IRI-TR Registration of 3D Points Clouds for Urban Robot Mapping. Ernesto Homar Teniente Avilés Juan Andrade Cetto

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1 IRI-TR Registration of 3D Points Clouds for Urban Robot Mapping Ernesto Homar Teniente Avilés Juan Andrade Cetto

2 Abstract We consider the task of mapping pedestrian urban areas for a robotic guidance and surveillance application. This mapping is performed by registering three-dimensional laser range scans acquired with two different robots. To solve this task we will use the Iterative Closes Point (ICP) algorithm proposed in [8], but for the minimization step we will use the metric proposed by Biota et al. [10] trying to get advantage of the compensation between translation and rotation they mention. To reduce computational cost in the original ICP during matching, the correspondences search is done with the library Approximate Nearest Neighbor (ANN). Finally we propose a hierarchical new correspondence search strategy, using a point-to-plane strategy at the highest level and the point-to-point metric at finer levels. At the highest level the adjust error between a plane and it s n adjacent points describing the plane is computed, if this error is bigger than a threshold then we change the level. Institut de Robòtica i Informàtica Industrial (IRI) Consejo Superior de Investigaciones Científicas (CSIC) Universitat Politècnica de Catalunya (UPC) Llorens i Artigas 4-6, 08028, Barcelona Spain Tel (fax): (5751) Corresponding author: Ernesto H. Teniente Avilés tel: http: //www-iri.upc.es/people/ehomar Copyright IRI, 2008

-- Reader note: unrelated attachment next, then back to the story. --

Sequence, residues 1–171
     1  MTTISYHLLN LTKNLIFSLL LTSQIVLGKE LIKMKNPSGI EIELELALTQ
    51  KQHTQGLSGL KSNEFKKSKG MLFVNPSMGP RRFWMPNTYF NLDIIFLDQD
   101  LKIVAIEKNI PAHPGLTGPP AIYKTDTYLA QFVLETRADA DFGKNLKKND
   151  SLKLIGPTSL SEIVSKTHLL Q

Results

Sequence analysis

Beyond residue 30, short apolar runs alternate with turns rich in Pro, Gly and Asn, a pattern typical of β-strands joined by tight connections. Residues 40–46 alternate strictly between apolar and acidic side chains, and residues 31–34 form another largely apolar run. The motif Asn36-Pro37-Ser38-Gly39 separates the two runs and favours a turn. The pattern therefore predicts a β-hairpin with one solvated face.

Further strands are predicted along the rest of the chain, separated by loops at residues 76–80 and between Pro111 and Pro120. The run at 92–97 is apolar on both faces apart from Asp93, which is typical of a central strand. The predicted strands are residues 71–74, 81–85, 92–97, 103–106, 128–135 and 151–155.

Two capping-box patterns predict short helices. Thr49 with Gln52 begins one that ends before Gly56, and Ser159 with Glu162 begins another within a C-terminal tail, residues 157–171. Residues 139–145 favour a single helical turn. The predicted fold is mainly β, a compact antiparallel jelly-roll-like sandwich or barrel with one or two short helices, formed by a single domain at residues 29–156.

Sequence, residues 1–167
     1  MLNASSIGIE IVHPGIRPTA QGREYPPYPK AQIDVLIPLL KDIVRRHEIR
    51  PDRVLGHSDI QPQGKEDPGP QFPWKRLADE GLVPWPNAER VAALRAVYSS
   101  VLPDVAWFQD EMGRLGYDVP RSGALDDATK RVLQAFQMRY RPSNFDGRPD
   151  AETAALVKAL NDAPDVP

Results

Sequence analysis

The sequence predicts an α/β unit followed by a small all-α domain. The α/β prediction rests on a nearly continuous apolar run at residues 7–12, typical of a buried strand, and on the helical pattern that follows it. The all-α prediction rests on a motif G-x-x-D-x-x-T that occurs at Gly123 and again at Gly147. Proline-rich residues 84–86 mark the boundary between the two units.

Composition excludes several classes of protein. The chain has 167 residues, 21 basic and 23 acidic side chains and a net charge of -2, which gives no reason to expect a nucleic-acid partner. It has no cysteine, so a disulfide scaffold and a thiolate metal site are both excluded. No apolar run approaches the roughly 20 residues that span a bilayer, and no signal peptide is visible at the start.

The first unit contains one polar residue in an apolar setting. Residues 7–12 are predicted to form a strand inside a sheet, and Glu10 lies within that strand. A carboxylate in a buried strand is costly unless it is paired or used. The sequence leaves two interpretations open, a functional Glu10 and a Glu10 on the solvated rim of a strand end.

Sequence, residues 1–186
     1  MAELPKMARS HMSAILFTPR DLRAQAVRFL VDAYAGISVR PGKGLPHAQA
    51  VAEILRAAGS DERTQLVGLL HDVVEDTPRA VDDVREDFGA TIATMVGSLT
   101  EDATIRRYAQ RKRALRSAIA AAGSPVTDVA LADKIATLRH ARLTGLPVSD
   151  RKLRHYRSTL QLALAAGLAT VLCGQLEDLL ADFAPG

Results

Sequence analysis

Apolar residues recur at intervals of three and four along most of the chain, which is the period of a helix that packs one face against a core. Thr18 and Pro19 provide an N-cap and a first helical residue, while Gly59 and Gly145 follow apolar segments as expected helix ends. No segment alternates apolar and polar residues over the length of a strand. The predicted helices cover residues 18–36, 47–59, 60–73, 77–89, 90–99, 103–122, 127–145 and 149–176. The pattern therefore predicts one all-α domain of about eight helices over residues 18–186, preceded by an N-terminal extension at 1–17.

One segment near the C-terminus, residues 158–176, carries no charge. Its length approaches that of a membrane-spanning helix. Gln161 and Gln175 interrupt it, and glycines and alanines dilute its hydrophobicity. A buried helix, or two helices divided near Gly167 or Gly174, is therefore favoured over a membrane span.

3 CONTENTS 1 Contents 1 Problem Statement 2 2 State of the art 2 3 Range image registration Correspondences Search Registration Step Data association The kd-trees Nearest Neighbor Search using kd-trees A Nearest Neighbor Library Point-to-point association Point-to-plane association Data Reduction Uniform sampling Limit axis distance Filtering the associated data Median filter A Hybrid Hierarchic Approach to Data Association Experiments Data Acquisition Implementation Conclusions 22 7 Acknowledgments 22